We saw a similar dynamic with omega-fatty acids such as docosahexaenoic acid (DHA), which failed in clinical trials of Alzheimer's disease. It is now recognized that this failure was inevitable: the brain is already rich in DHA, and inducing a deficiency to see if it causes Alzheimer's would be unethical. Again, the clinical trials were based on hope instead of science.

There are certainly cases of clinical researchers refusing to give up on a drug. They keep looking for hidden clusters in their results that could be explained by a different hypothesis. If they look hard enough they will find them, and statistics can remind us that this approach is invalid. But if statistics told us what was true, we'd all become statisticians and give up on this messy and expensive lab stuff.

Hydroxychloroquine and COVID-19

A third example is hydroxychloroquine, which may or may not be effective against SARS-CoV-2 and other viruses. There's been a virtual blizzard of flawed clinical trials on this topic, many poorly designed and a few clearly biased against the drug. But the primary reason we still don't have a clear answer is not the badly done trials or the faulty statistical analyses, but because there was no clear idea how the drug was supposed to work.

Does it act by raising the pH of the endosome and inhibiting the proteolytic activation of the virus? Or does it act by inhibiting the innate immune system, perhaps by blocking cytokines? Or does it, as some bloggers are claiming, act by increasing the zinc concentration in the cytosol?

There are papers supporting each of these hypotheses. Each theory would require a different trial design, which is why it's so essential to understand the basic pathogenesis first. If you skip that step, as public pressure wants us to do, the trial will give us the wrong result. This is why the recent tilt by federal funding agencies against basic science is wasteful, and it's why the claim that statistics are a determinant of truth is false and unhelpful.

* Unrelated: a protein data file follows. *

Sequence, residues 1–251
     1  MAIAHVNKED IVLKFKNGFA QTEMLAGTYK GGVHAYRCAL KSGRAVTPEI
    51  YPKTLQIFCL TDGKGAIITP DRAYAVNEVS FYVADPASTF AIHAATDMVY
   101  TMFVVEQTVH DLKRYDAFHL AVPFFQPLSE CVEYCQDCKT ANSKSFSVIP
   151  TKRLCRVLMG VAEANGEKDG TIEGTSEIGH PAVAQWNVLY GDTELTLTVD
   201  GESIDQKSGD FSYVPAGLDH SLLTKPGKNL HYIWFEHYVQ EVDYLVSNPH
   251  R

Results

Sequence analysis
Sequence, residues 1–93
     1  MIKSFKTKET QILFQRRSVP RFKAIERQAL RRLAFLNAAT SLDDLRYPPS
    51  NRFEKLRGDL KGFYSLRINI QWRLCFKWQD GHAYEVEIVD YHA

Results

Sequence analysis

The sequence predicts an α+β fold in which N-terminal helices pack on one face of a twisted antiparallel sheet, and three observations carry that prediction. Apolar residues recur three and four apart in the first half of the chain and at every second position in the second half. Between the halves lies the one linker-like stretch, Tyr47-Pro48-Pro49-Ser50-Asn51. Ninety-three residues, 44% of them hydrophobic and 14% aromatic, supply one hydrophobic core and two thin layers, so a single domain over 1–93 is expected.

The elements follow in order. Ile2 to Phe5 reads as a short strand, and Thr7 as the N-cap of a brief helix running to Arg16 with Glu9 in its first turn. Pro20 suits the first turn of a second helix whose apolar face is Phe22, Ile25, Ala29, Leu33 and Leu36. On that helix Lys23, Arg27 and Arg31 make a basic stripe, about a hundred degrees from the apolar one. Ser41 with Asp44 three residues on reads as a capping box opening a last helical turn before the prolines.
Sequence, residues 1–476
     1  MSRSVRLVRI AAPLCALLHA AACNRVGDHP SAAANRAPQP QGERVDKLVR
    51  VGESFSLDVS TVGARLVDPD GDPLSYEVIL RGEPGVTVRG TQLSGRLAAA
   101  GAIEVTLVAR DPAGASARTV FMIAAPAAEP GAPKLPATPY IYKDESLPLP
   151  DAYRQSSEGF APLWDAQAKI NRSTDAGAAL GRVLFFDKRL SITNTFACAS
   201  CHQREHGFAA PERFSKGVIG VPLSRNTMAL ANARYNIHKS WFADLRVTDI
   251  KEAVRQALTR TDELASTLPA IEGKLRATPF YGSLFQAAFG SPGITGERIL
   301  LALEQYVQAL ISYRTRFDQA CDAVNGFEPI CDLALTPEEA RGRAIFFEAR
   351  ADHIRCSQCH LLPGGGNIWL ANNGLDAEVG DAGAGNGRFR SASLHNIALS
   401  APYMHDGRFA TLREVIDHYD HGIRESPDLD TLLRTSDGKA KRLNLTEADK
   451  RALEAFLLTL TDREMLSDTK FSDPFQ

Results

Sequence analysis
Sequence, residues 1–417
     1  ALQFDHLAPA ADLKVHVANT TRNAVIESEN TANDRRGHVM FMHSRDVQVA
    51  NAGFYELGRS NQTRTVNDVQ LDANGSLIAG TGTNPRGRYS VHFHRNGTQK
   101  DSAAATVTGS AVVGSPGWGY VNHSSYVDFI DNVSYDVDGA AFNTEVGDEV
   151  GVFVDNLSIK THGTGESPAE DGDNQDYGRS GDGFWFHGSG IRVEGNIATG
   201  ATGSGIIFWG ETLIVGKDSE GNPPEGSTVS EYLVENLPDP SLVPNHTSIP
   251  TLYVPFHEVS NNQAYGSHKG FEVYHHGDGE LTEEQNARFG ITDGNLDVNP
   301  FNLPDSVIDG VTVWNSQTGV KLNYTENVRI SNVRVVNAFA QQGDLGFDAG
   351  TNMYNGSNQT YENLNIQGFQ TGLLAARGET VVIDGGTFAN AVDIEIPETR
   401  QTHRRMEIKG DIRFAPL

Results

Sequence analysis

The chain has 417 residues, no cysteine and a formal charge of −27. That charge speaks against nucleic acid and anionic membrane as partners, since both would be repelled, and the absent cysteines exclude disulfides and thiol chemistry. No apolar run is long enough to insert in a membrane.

There are other factors that can lead to failure of a clinical trial, most notably genetic polymorphisms and patient heterogeneity. This is not just statistical noise as is commonly assumed: these are real, measurable differences among patients that only appear as noise because the patient population is randomized.

That noise is the sound of a brand new hypothesis screaming to get out, and unless those who keep funding clinical trials at the expense of basic research recognize this, that noise will become deafening.

What's happening is that drugs are rushed into testing before the basic science is understood. I've seen this again and again, and not just with nutraceuticals: someone becomes convinced that some molecule will cure some disease. Even though the pathogenesis is not understood, the disease is too urgent to wait. So they marshal whatever evidence they can find from the scientific literature, design a trial. It fails, and a potentially valuable line of research is discredited and abandoned.

Science, it is true, sometimes falls into self-perpetuating fads, but criticizing scientists for not putting enough weight on a clinical trial ignores the fact that clinical trials are not designed to generate new hypotheses. That is what basic scientists do for a living. But when you're chopped liver, nobody listens to what you say.

1. Tatsioni A, Bonitsis NG, Ioannidis J (2007). Persistence of Contradicted Claims in the Literature JAMA. 298(21):2517–2526

2. Suarna C, Wu BJ, Choy C, Mori T, Croft K, Cynshi O, Stocker R (2006). Protective effect of vitamin E supplements on experimental atherosclerosis is modest and depends on preexisting vitamin E deficiency Free Radical Biology & Medicine 41, 722–730.

jul 29 2020, 6:21 am